With the 2019 prospect handbook finally off to press and another year quickly approaching, we stopped to take a look back at some of our more popular pieces from 2018. This is by no means a comprehensive breakdown of all of our 2018 work, but it’s a fun snapshot to review the year and set the stage for the next 12 months.
If you’d like to purchase our “Best of 2018” issue, you can find it here.
We’d also like to especially thank all of those who subscribe to Baseball America, both in print and digital. We have an immense amount of fun dissecting the next wave of baseball talent, whether in the professional or amateur ranks, but our work wouldn’t be possible without those who subscribe and join in on the fun with us. Here’s to another great year in 2019 — we’re excited about what the future holds.
|Rule 5 Draft
It didn’t take Vladimir Guerrero Jr. long to wrangle the top spot in our prospect rankings. See our final Top 100 list of 2018 ahead of our unveil of the 2019 rankings next month.
Our final college top 25 of the year featured the two College World Series finalists at the top and two non-power 5 schools ranked within the top 12.
We’ve ranked the top 10 prospects in 24 of the 30 MLB organizations ahead of 2019.
Who is best position for the future? In early August, the Padres and Rays boasted the deepest systems in baseball.
At season’s end, we ranked the 20-best prospects in each league across the minors.
This list frequently changed in the weeks leading up to the draft. Our final installment ranked the 500 best draft prospects as we saw it, with Casey Mize leading the way.
By June, we’ll have more than 1,000 draft-eligible prospects in the system. But the list has to start somewhere, and this was the initial group.
The 50 best draft-eligible high school prospects.
College baseball’s 50-best draft-eligible prospects.
Superlatives, sleepers and more from every team’s 2018 Draft haul.
In an effort to better understand where professional talent comes from, we crunched the numbers and determined which states are best at producing talent.
We compiled the best draft prospects sorted by state as well.
Carlos Collazo examined the history of players, such as Brady Aiken, who are taken high in the MLB Draft but fail to come to terms with the team that selected them.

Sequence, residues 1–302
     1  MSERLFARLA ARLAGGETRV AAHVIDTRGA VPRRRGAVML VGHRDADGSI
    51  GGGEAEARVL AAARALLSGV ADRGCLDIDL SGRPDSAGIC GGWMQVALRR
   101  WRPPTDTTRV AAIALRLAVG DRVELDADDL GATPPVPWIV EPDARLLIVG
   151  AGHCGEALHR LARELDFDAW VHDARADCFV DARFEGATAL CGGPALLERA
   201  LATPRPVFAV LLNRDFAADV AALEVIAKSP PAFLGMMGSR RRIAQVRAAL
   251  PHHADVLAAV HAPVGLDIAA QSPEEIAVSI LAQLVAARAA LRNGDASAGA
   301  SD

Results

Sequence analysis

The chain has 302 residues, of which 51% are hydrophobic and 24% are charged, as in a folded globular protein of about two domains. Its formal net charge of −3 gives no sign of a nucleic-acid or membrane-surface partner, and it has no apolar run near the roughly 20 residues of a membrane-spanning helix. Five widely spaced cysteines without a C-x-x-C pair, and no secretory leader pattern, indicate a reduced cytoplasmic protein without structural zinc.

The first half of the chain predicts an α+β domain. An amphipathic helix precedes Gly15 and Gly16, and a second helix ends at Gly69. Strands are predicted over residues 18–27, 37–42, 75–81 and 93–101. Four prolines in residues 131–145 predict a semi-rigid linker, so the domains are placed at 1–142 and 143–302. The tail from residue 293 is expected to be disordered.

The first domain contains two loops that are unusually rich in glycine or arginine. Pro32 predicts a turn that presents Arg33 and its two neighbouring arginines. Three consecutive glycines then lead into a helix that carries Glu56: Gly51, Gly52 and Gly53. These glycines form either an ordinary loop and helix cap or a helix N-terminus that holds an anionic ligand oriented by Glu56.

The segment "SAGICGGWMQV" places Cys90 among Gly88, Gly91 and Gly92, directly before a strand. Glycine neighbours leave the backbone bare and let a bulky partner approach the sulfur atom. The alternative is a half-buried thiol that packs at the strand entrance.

LSU takes home the best class in 2018, but it wasn’t an easy competition.
Arkansas takes home No. 1, but this list is constantly subject to change as programs embark on renovations throughout the country.
It’s never too early to look ahead. Here are eight teams who should contend for a title in 2019.
The Tar Heels have their own whiz kid and they’re putting advanced stats to good use.
Now, recruits can begin taking official visits during their junior year.
The rising stars in the coaching ranks.
One of the popular Kyler Murray narratives is that the Oakland A’s draft pick and Heisman trophy winner at Oklahoma stands to make more money by pursuing baseball. But J.J. Cooper explains why that isn’t necessarily the case — especially if Murray goes in the first round of the NFL Draft.
RULE 5 DRAFT
J.J. Cooper tirelessly scouted more than 90 Rule 5 eligible players ahead of this year’s draft. Here are the results, draft order and reports, which includes Orioles top pick Richie Martin.
Ben Badler’s annual signing tracker on July 2nd.
We tracked the 50 best international prospects and where they agreed to sign.
Ben Badler explains why Florencio Serrano the circumstances that led to the Cubs failing to sign their most sought-after international prospect in the 2017 class.
If you want to see the best park in baseball, you better start looking at trips to the Bay Area.
No one bats 1.000 on these, but at least we nailed a couple.
Kyle Glaser forecasted the Rookie of the Year race back in March, and was spot on at the top.
Tracy Ringolsby looks at 10 people who aren’t in the Baseball Hall of Fame, but they should be.
We love rankings. We love prospects. And we love the trade deadline. Presenting the perfect blend of all three.
J.J. Cooper explores why a new law could put some independent leagues in a future bind.
Studs, sleepers and more from all 30 MLB organizations at the end of the 2018 season.
The best MiLB park is currently in Charlotte.
Grading the prospects with the loudest tools prior to the start of the 2018 season.
Debunking some of the myths associated with long toss.
Player of the Year: Mike Trout
Rookie of the Year: Shohei Ohtani
Organization of the Year: Milwaukee Brewers
Executive of the Year: Dave Dombrowski
Manager of the Year: Bob Melvin
MiLB Player of the Year: Vladimir Guerrero Jr.
MiLB Executive of the Year: Robert Murphy
MiLB Manager of the Year: Drew Saylor
MiLB Organization of the Year: Bowling Green Hot Rods
Freitas Awards: Oklahoma City (AAA), Tennessee Smokies (AA), Winston-Salem (A), Spokane (Rookie)
Independent League Player of the Year: Jordany Valdespin
College Player of the Year: Brady Singer
College Coach of the Year: David Pierce
Assistant Coach of the Year: Josh Jordan
Freshman of the Year: Kevin Abel
High School Player of the Year: Cole Winn
High School Team of the Year: Parkview, Georgia